Radiation therapy is the use of high-energy x-rays or other particles to kill cancer cells. A doctor who specializes in giving radiation therapy to treat cancer is called a radiation oncologist. A radiation therapy regimen (schedule) usually consists of a specific number of treatments given over a set period of time.
The most common type of radiation treatment is called external-beam radiation therapy, which is radiation given from a machine outside the body. When radiation treatment is given using implants, it is called internal radiation therapy or brachytherapy.
Side effects from radiation therapy may include fatigue, mild skin reactions, upset stomach, and loose bowel movements. Most side effects go away soon after treatment is finished.
Learn more about radiation therapy.
Surgery is the removal of the tumor and surrounding tissue during an operation. A surgical oncologist is a doctor who specializes in treating cancer using surgery. During surgery, the surgical oncologist removes the tumor and an area of tissue around the tumor (called a margin). The extent and location of the surgery depends on where the cancer is found and its size. Learn more about cancer surgery.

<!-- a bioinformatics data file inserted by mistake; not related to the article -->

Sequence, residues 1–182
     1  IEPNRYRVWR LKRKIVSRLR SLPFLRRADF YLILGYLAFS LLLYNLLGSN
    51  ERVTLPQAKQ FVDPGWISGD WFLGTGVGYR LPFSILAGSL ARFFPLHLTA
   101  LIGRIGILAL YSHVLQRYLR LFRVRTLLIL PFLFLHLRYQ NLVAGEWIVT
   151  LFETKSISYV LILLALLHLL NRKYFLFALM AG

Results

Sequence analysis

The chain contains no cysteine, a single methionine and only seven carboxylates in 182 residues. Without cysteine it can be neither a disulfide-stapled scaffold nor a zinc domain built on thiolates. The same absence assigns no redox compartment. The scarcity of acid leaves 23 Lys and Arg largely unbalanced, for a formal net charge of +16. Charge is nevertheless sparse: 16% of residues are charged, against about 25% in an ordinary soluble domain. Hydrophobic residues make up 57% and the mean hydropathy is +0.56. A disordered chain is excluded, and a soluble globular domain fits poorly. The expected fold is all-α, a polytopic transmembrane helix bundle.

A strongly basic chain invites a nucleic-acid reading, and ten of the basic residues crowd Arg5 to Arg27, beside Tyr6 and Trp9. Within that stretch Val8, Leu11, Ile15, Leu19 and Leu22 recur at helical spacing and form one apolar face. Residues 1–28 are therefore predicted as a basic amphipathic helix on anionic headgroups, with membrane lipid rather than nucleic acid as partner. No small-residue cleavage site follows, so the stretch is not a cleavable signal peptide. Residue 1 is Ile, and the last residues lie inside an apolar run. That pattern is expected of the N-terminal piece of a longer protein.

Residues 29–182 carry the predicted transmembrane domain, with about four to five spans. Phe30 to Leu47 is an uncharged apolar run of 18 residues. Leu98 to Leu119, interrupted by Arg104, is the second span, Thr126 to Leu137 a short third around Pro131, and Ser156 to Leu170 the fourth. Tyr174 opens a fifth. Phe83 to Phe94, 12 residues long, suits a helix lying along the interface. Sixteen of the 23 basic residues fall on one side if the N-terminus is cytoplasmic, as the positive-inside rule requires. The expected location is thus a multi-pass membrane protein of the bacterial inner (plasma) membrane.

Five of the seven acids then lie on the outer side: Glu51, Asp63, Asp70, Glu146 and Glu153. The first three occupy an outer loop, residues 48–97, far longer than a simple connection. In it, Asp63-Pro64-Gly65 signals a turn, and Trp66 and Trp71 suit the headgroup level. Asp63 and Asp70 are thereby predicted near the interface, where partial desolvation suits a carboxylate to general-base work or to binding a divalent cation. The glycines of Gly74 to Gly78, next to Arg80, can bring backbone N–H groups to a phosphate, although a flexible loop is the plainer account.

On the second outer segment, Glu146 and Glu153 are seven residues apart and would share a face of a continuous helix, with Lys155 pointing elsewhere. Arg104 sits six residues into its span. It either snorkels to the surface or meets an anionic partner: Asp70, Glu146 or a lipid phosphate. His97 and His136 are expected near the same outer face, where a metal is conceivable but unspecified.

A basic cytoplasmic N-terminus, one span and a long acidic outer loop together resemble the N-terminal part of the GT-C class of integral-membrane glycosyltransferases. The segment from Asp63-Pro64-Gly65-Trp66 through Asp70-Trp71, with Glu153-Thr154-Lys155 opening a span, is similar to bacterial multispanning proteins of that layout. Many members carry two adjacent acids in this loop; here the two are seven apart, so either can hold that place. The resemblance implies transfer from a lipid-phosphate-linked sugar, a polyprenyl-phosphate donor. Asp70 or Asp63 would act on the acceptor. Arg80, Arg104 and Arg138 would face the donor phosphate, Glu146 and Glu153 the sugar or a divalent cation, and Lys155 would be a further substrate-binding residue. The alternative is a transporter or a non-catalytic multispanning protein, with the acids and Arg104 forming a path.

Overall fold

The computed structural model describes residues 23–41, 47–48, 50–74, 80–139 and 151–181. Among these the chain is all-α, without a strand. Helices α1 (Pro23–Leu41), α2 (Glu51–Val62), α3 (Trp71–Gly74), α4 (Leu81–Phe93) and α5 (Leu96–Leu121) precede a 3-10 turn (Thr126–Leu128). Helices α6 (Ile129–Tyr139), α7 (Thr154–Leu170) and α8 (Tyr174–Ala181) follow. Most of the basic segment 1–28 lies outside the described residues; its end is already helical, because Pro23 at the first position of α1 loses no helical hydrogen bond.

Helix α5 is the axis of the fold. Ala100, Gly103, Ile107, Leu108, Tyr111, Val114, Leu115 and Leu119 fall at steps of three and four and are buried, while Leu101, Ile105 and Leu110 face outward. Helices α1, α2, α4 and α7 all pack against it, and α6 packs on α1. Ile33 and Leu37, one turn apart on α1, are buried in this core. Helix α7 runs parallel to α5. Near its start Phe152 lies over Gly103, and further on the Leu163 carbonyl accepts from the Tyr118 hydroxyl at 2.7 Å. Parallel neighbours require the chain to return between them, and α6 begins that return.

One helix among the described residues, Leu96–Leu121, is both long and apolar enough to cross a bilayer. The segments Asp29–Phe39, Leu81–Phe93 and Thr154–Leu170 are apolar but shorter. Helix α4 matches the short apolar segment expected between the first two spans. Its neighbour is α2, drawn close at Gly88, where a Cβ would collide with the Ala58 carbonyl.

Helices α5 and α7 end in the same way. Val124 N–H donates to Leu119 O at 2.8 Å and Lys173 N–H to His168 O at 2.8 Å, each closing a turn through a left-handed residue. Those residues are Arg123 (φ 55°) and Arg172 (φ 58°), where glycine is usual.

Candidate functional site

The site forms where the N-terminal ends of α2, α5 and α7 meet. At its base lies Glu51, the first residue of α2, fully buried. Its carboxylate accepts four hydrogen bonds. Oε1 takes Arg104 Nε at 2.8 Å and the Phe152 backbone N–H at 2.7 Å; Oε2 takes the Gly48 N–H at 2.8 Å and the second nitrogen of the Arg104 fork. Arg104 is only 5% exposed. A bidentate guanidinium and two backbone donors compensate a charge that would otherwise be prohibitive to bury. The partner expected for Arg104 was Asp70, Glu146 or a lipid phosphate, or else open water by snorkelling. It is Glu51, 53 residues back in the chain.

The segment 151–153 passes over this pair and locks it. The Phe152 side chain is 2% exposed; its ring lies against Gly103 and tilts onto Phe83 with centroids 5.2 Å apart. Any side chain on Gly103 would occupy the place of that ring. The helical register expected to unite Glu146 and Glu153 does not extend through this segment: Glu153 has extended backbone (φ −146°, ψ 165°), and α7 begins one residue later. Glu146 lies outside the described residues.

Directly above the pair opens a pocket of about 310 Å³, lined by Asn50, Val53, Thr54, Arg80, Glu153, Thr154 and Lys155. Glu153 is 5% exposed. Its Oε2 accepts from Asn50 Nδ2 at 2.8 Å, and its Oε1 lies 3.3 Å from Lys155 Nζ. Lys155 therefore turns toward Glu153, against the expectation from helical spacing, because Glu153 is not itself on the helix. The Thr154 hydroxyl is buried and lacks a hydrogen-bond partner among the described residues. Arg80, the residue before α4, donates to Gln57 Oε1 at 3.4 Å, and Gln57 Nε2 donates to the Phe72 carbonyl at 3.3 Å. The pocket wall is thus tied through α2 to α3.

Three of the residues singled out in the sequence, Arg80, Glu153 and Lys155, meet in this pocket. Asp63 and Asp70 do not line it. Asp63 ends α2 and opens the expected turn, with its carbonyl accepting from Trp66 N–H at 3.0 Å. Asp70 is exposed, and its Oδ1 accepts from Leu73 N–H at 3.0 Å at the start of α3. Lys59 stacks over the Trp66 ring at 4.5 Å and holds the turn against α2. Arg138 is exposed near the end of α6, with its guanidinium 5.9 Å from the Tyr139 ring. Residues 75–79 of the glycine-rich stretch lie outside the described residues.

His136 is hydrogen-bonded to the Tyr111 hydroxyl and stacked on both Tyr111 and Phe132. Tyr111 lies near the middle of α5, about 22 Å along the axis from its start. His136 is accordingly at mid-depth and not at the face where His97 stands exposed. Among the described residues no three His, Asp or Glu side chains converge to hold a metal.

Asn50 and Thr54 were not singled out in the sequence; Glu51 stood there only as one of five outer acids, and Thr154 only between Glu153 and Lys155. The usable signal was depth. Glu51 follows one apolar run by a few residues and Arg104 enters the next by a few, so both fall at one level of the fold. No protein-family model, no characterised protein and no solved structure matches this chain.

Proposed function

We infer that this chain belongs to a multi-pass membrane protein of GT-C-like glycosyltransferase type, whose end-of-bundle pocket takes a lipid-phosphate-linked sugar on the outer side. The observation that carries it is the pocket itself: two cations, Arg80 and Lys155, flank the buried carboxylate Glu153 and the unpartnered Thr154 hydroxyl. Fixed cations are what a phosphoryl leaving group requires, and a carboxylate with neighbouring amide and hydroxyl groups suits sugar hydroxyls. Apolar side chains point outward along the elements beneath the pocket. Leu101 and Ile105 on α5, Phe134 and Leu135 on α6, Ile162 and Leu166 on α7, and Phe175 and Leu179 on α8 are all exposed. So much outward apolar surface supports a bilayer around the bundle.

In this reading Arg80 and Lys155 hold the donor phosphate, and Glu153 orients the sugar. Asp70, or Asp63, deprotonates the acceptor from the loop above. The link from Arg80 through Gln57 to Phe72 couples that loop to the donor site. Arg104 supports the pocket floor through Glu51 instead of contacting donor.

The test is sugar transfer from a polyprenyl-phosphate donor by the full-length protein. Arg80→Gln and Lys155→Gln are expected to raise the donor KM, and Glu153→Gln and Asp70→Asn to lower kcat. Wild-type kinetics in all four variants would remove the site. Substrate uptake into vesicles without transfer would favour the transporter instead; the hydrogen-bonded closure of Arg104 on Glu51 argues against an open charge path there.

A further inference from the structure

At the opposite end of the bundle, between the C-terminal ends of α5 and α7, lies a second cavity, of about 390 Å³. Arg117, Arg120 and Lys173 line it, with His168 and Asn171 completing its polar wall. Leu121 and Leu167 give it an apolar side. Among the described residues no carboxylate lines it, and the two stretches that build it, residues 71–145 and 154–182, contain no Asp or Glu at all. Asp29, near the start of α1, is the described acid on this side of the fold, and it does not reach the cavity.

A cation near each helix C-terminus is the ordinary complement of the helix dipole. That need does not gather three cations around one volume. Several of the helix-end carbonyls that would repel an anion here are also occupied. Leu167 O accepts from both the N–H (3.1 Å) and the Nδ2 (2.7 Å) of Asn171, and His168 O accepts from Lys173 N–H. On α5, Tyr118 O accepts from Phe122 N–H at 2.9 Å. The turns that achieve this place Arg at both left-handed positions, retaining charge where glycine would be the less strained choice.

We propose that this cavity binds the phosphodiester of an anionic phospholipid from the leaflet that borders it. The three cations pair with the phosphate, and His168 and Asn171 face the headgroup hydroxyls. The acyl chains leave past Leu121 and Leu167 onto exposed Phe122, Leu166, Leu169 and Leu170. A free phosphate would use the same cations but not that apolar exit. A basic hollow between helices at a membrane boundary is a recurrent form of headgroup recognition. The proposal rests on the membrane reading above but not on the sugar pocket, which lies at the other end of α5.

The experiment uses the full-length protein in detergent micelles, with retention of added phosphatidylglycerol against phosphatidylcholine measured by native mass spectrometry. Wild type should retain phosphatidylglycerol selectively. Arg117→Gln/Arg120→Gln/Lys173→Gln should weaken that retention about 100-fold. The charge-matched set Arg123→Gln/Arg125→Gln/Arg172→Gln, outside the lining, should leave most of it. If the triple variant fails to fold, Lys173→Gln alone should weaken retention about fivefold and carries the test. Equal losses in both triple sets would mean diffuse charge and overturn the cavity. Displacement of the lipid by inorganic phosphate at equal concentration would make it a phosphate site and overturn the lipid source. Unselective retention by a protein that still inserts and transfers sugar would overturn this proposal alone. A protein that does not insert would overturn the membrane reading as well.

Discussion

Treatments by CUP subgroup
The following subgroups can often be identified during the initial clinical and pathologic evaluation (see Diagnosis) and have recommended treatments:
Women with adenocarcinoma located only in the axillary lymph nodes. Treatment should follow guidelines for stage II breast cancer, even if no primary site in the breast can be found. Local treatment should include mastectomy (surgical removal of the breast) or axillary node dissection (surgical removal of the lymph nodes) plus radiation therapy to the breast. Adjuvant treatment (treatment after surgery) with chemotherapy and/or hormone therapy should also be recommended, depending on the number of lymph nodes with cancer, the estrogen/progesterone receptor (ER/PR) status, the HER2 status, and other features of the tumor.
Women with peritoneal carcinomatosis (adenocarcinoma on the surface of the abdominal cavity). Treatment should follow guidelines for stage III ovarian cancer, even for women with normal ovaries or whose ovaries have been removed. When possible, debulking surgery (surgery to remove as much of the cancer as possible) should be performed. Chemotherapy with a taxane/platinum combination is recommended after surgery, which is similar to ovarian cancer treatment. CA-125 is often a useful tumor marker for monitoring how well treatment is working. Approximately 20% to 25% of women live a long time after treatment.